by Noriko Ibaraki or Ibaragi
Trees like traveling
the day when it will set out on its journey,
as it stands, rooted in one place,
invites insects and the wind,
hurries to bear fruit,
“somewhere far away,”
“somewhere far away.”
At last the birds peck at its fruit
and the wild beasts come to nibble.
A tree needs no backpack, no suitcase, no passport to travel.
It hitches a ride on a bird’s belly,
stealthily making its own airship,
and, when the day comes, it sets out abruptly,
into the sky.
The seed falls.
“Here’s a good place. I can see a lake.
I’ll stay here for a while.”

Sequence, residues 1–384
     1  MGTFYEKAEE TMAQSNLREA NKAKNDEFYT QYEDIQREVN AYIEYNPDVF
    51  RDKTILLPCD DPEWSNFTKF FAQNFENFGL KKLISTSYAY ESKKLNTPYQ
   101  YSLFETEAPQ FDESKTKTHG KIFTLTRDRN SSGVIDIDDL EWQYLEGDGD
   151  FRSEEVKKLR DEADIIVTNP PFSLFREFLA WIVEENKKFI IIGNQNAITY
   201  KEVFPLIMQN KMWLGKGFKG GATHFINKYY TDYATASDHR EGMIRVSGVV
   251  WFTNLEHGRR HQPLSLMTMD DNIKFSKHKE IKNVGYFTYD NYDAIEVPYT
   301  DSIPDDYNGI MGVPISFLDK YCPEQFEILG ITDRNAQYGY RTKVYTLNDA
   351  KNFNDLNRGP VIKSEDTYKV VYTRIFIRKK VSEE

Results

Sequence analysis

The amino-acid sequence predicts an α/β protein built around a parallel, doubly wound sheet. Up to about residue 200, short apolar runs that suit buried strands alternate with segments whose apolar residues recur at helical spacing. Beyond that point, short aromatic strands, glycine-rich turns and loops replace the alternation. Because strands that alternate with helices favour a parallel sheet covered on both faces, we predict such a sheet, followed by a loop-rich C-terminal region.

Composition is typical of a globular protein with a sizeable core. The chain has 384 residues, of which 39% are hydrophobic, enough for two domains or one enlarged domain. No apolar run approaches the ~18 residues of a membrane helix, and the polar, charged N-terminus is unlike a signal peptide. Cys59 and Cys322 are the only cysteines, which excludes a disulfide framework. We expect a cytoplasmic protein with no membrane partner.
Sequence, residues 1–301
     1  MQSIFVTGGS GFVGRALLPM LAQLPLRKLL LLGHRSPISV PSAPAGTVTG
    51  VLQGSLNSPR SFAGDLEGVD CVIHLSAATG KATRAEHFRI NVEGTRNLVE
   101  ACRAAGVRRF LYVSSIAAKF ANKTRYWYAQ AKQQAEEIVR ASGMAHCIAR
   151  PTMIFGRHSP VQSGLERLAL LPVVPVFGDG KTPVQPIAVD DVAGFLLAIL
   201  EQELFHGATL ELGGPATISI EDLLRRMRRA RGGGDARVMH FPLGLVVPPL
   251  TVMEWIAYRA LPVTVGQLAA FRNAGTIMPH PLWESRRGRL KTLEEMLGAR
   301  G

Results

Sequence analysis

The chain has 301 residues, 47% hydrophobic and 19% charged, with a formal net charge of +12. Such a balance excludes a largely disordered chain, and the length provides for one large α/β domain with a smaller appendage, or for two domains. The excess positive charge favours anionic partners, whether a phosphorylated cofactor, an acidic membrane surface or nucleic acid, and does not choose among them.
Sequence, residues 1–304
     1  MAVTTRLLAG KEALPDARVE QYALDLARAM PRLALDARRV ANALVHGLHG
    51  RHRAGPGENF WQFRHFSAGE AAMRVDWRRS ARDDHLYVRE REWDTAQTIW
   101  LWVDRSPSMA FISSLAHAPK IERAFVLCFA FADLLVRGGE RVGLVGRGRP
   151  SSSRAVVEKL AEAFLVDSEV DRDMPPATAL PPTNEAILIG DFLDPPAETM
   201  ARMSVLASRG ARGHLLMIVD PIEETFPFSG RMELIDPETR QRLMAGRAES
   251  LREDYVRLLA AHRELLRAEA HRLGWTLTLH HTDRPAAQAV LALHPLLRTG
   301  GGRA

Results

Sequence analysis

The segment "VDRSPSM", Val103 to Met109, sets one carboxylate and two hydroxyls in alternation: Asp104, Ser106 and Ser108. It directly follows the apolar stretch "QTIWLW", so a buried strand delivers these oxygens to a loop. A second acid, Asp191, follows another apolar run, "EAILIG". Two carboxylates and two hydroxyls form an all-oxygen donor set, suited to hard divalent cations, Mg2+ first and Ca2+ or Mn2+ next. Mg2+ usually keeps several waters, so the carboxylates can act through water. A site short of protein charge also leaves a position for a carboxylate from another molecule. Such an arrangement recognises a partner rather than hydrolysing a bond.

It becomes a seedling and puts down roots
and, like the tree from which it came,
it too begins to dream of the day it will
set out on its own journey.
When I touch the trunk of a tree
I understand how it aches:
how it loves to travel
how it yearns to wander
how it writhes, longing to be a nomad.
Poetry by Editorial Team
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Written on 2015-07-09 at 08:43
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